By Ross Walker, director of small business and distribution, Symantec UK & Ireland

Spam is a universal problem; however, it can be particularly detrimental to small and midsized businesses (SMBs).

Federal authorities have warned cyber criminals are increasingly targeting SMBs that do not have the resources to update their computer security.

Michael Merritt, assistant director of the U.S. Secret Service's office of investigations, recently pointed out that many of the attacks are being waged by international organized cyber groups that steal not only credit card numbers, but personal information, including cardholders’ Social Security numbers. This malicious activity could result in stolen identities and drained bank accounts. Cyber criminals that also fall into this category are spammers, who seek out the most lucrative means to steal users’ information.

Data from Symantec’s November 2009 State of Spam Report shows that spammers’ distribution networks abroad are becoming more dynamic as additional broadband connected targets are coming online every day. Distribution paths are also getting more complicated with spammers now sending messages directly from infected machines. In addition, many spammers are redirecting attention from their actual geographic location.

To intensify the spam issue, a recent SMB survey conducted by Symantec showed that 42 percent of small businesses do not have even the most basic mail protection. To shield themselves from cyber criminals, SMBs must become more security aware and deploy the proper email security solutions, including spam prevention that protects company reputation and manages risks associated with data loss, internal governance and regulatory compliance. The following tips can help SMBs protect their businesses as well as their employees and customers from malicious email.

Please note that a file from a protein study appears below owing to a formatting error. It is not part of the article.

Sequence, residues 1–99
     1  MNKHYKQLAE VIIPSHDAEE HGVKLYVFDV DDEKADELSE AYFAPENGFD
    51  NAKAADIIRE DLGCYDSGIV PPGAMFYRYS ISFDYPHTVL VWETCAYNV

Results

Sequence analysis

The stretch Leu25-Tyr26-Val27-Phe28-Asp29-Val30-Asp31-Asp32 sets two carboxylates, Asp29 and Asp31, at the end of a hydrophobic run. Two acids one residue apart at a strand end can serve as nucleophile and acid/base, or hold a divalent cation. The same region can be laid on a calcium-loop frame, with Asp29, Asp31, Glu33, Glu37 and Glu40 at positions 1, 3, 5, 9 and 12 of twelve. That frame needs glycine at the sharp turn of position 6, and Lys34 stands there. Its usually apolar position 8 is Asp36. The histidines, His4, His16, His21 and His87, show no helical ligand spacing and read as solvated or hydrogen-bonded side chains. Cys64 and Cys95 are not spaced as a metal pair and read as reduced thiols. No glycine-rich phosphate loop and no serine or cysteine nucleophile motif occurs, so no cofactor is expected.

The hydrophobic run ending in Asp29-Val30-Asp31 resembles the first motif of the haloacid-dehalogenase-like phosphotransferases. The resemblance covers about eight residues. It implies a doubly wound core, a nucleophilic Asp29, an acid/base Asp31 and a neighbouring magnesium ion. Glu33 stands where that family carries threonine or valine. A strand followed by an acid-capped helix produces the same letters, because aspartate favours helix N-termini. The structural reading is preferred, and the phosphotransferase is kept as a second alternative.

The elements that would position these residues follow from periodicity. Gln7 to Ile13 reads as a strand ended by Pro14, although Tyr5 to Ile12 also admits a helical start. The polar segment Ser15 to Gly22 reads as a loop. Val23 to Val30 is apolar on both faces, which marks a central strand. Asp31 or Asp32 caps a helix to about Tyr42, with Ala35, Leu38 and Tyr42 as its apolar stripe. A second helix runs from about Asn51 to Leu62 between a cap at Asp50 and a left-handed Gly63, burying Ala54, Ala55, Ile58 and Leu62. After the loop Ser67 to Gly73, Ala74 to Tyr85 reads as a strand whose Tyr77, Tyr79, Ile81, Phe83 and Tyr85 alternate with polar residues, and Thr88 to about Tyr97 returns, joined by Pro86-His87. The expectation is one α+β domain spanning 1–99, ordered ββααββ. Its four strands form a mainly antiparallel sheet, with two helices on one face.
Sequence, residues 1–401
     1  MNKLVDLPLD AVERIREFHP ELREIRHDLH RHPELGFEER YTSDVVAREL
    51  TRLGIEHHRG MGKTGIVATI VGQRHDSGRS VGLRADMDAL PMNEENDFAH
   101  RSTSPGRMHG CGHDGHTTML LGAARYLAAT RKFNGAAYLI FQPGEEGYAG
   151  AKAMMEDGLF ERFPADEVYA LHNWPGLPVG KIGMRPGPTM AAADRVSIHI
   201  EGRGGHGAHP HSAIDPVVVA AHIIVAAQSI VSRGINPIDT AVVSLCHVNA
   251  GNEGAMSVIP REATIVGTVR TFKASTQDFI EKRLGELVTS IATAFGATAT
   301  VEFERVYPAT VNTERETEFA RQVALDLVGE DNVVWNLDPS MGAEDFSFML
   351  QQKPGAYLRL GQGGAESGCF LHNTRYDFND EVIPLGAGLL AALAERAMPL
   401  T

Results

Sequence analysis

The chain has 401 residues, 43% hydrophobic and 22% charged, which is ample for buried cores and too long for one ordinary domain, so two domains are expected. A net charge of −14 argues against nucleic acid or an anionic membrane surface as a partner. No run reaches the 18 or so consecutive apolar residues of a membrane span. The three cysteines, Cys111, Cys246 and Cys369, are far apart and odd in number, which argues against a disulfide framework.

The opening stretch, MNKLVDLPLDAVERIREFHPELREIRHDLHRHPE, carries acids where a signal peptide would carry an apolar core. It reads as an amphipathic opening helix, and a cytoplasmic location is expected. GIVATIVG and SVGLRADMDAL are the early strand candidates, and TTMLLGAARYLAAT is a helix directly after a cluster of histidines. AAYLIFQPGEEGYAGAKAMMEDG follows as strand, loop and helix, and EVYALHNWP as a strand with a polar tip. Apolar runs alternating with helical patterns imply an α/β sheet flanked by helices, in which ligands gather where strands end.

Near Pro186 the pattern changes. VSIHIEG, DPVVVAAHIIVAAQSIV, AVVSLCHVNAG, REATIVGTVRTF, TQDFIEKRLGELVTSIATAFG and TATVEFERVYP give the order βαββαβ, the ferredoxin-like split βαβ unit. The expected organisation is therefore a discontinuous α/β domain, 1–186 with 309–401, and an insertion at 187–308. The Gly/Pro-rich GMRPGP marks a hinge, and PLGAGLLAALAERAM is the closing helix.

It is essential to regularly:

1.Delete all spam and unsubscribe from legitimate mailings that you no longer want to receive.

2.Be selective about where you register your email address and avoid publishing your email address on the Internet. Consider alternate options—for example, use a separate address when signing up for mailing lists, obtain multiple addresses for multiple purposes or look into disposable address services.

3.Avoid clicking on suspicious links in email or IM messages as these may take you to spoofed websites. We suggest typing web addresses directly in to the browser rather than relying upon links within your messages.

4.Consider a reputable antispam solution to handle filtering across your entire organization and keep up on the latest in spam trends.

5.Always be sure that your operating system is up-to-date with the latest patches, and employ a comprehensive security suite.

Educating employees on how to deal with email security risks is essential. Here are some best practices for employees to implement when checking their email:

1.Do not open spam messages. In addition, never open unknown email attachments. These attachments could infect your computer.

2.Never reply to spam. Typically the sender’s email address is forged, and replying may only result in more spam.

3.Do not fill out forms in messages that ask for personal or financial information or passwords. A reputable company is unlikely to ask for your personal details via email. When in doubt, contact the company in question via an independent, trusted mechanism such as a verified telephone number, or a known Internet address that you type into a new browser window (do not click on or cut and paste from a link in the message).

4.Never buy products or services from spam messages.

5.Never forward any virus warnings you receive through email. These are often hoaxes.

As spammers become more creative with their attempts to lure users into clicking on their malicious emails, it is important to incorporate these tips into your small business security awareness plans. Spammers are using everything from current events to well known companies and brands to give users a false sense of security when navigating through their email.

With the combined use of reputable antispam technology and education, it will be easier for SMBs to stay out of the traps spammers are setting online.